The Belted Beauty moth (Lycia zonaria) occurs in the Hebridean islands of western Scotland, on the Ardnamurchan peninsula of western Argyll, at a few sites in western Ireland, at one site in Wales and at just two in England. It is a smallish, dumpy moth and, like some other early spring geometrids, the females are wingless, meaning that the species hardly ever moves away from its breeding habitat. The males are triangular in shape with cryptic grey and pale brown stripes. The female is like a small, oval, dark grey ball of fluff with narrow horizontal stripes.
Male Belted Beauty, Lancashire (Stephen Palmer).
Female Belted Beauty, Lancashire (Stephen Palmer).
On the Hebrides the moth is found in coastal machair, where shell sand has become richly vegetated with herbaceous wild flowers. This habitat does normally not experience tidal inundation.
Machair habitat in the Outer Hebrides (Steve Duffield).
Emergence on the Outer Hebrides appears to be temperature driven. Numbers recorded are quite variable, reflecting the prevailing weather conditions and the number of observers. They are present on virtually all of the machairs from Lewis to Vatersay, but are commoner at some sites such as Balranald RSPB on North Uist. The Hebridean moths are normally on the wing from March to mid-May and have even been seen in late February. Males often come to light, as on 29th April 2012 when 11 were trapped. The latest adult ever recorded was trapped on 5th June 2010.
Male Belted Beauty, Outer Hebrides (Steve Duffield).
Females are sometimes found in elevated positions when attracting a mate and can be located at the top of fence-posts. Steve Duffield recalls on one occasion counting 211 on stubby posts outside the community hall on Vatersay on 4th May 2007! Larvae can be found to be locally abundant on a wide variety of plants between June and August.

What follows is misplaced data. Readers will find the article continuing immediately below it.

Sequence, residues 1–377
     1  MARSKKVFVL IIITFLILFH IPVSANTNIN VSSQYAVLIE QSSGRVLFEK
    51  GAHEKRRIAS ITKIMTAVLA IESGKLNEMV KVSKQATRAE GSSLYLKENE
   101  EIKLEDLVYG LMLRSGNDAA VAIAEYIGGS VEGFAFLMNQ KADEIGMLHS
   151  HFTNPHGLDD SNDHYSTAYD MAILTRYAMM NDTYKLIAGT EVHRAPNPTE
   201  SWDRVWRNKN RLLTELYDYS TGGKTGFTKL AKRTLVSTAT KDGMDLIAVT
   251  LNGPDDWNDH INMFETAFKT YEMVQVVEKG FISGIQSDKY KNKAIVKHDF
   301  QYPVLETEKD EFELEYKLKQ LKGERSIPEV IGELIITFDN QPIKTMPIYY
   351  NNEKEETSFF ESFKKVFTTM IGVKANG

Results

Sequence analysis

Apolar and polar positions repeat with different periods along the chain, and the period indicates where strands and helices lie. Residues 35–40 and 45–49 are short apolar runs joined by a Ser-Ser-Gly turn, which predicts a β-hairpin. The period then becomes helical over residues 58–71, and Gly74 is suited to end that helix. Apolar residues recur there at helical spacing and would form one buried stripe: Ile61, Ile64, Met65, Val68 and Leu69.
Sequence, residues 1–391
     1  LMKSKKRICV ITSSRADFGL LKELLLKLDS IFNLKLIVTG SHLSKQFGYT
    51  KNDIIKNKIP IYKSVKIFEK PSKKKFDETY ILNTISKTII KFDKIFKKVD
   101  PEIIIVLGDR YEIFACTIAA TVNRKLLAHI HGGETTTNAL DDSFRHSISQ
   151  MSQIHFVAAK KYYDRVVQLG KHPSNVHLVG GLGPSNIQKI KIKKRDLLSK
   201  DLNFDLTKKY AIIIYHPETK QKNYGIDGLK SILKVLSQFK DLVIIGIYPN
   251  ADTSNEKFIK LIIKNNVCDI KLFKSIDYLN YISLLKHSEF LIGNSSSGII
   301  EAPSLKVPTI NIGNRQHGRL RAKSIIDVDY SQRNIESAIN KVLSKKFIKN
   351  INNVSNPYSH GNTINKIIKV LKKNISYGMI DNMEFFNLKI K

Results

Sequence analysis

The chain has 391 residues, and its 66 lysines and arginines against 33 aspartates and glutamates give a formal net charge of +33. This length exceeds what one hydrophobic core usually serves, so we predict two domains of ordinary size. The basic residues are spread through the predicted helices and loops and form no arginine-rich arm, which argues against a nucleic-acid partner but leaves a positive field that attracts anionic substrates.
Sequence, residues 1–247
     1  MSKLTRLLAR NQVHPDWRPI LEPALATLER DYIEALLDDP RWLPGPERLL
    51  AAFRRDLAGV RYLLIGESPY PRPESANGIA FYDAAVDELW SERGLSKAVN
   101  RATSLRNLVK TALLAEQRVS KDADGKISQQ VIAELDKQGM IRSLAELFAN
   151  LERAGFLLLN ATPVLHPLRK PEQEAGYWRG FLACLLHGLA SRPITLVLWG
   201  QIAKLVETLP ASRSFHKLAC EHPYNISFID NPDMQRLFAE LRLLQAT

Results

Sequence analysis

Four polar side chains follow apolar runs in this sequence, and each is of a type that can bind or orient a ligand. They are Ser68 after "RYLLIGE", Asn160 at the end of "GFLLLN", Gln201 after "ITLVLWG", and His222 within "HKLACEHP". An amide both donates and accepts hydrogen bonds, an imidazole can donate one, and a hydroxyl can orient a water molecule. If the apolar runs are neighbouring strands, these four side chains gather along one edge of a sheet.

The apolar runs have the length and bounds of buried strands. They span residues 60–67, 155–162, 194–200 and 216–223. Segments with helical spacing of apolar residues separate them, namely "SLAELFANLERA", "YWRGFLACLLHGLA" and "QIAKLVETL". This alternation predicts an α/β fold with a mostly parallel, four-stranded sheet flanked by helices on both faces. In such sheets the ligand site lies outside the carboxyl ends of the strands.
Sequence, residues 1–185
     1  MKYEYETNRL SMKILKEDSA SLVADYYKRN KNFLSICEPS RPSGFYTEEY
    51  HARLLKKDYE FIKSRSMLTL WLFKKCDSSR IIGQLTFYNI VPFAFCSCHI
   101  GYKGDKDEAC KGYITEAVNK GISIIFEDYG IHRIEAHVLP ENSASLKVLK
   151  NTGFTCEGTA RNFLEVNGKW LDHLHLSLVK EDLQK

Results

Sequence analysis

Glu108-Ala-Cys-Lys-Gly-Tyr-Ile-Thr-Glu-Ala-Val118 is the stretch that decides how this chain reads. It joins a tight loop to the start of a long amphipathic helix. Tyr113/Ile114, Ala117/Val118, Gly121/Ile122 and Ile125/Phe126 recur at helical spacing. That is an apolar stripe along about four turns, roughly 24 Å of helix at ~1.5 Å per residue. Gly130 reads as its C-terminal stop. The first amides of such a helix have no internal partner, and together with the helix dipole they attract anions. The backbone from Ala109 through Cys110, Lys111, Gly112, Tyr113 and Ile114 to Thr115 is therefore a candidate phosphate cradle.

Female Belted Beauty, Vatersay, Outer Hebrides (Steve Duffield).
The Belted Beauty does not appear to have any conservation problems on the Outer Hebrides, where the natural landscape appears safe due to the admirable and inherent environmental responsibility of the island's communities. However, it has suffered serious decline and extinction over much of its range in Wales and England where coastal protection schemes and developments such as housing and golf courses have caused the loss of nearly all of the many colonies that were known in the 1920s. It is critically endangered at two of its remaining sites (in Caernarvonshire and Cheshire) and may face extinction at these — sightings in 2011/12 were limited to a single moth at the Welsh site in 2012. This leaves only one remaining site in England with a healthy population, near Heysham (Lancs).
The Lancashire population is found in a rather unusual habitat, where the sandy saltmarsh is inundated up to ten times a year. Here the preferred larval foodplant is Autumn Hawkbit Scorzoneroides autumnalis. Surveyors have noticed that the moth's emergence may actually coincide with some higher spring tides, which may have a 'warming' effect on the substrate. In recent years some of the highest counts have occurred when the habitat is still wet. Traditionally the largest numbers of adult moths have been counted towards the end of the second week of April at this site.